3. Failing to Address Employee Issues Properly. In addition to selling assets in a §363 sales, the company is also being sold as a going concern, and employee retention is key to the value of the enterprise. Employees can be the company's most important asset and also its largest liability, due to severance and other costs that may arise from the sale of the company. How an employee retention plan is structured can have an enormous impact on whether the §363 sale is successful. Is the retention plan structured so that employees who are hired by the buyer do not receive severance? How are stay bonuses set to ensure employees stay not only through the sale but also are available to provide a smooth transition to the buyer? Does the retention plan supersede prior severance plans of the company to minimize severance claims? Does the buyer assume other liabilities relating to retained employees such as accrued vacation liability? These are only a few of the many questions that must be answered with respect to retained employees for the §363 sale to maximize value. Furthermore, to allow a company to have sufficient funds to survive in bankruptcy and sell its assets, certain employees may need to be terminated. Excess employees are ordinarily terminated pre-petition to reduce liability to the company. Such terminations create tremendous instability, and retention programs need to be launched early in the bankruptcy process to offset the uncertainty and fear created by these terminations and other destabilizing factors.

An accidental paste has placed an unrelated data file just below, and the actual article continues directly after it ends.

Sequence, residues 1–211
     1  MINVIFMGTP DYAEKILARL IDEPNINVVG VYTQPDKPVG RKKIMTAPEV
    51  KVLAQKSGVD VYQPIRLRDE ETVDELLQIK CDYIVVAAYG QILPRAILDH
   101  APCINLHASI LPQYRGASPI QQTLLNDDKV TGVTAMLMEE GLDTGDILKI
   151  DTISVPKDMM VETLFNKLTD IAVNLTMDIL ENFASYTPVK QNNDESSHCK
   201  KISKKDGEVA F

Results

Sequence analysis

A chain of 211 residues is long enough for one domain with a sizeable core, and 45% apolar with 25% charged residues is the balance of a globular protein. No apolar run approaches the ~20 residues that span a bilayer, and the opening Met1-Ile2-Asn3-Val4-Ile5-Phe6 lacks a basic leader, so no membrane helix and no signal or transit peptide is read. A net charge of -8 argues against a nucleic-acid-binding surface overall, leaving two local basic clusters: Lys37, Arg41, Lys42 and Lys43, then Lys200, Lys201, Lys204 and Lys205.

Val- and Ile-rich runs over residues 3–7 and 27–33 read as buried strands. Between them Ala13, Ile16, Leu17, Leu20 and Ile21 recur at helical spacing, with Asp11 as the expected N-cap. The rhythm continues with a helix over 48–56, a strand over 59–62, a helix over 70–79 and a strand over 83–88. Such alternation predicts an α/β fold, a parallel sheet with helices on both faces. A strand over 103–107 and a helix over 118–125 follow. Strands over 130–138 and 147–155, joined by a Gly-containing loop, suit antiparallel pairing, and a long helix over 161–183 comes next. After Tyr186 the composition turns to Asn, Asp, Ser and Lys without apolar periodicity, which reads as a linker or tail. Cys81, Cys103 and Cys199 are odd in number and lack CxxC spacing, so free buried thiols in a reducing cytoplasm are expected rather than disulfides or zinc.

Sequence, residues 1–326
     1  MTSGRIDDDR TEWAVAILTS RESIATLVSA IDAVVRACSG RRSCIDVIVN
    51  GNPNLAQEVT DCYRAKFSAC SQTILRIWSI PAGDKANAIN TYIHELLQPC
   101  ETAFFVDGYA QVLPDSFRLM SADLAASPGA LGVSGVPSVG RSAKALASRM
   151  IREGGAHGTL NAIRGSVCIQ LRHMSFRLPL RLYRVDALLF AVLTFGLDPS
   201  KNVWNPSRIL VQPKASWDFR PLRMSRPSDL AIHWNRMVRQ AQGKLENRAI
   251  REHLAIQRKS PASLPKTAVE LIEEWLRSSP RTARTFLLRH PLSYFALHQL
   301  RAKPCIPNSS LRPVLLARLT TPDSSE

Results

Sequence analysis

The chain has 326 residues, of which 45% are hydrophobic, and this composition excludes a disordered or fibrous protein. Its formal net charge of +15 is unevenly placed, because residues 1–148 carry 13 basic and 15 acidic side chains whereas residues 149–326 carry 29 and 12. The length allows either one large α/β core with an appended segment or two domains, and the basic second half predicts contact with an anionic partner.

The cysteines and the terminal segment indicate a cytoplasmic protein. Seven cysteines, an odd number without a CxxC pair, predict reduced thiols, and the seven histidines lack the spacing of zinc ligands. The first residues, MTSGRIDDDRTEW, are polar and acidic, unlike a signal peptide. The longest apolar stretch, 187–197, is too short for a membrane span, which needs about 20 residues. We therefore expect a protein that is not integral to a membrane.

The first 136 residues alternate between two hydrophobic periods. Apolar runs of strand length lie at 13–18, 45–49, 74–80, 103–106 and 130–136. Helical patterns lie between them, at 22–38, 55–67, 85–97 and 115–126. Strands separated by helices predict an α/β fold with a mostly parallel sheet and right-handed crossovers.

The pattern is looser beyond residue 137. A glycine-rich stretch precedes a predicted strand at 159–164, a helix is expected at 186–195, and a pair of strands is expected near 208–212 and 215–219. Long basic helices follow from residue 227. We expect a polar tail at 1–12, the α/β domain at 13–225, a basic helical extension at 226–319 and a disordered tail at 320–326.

4. Neglecting Post-sale Costs. Post-sale expenses can have a major impact on sale proceeds to the creditor constituencies. Through cooperation agreements, such expenses can be minimized. For example, the debtor company may need access to a huge number of documents. The right to access these documents, in lieu of moving and storing hundreds of crates of documents in an off-site facility, will help maximize the yield from the §363 sale. A pre-sale transition service agreement with the buyer also can help minimize costs to the debtor company post-sale.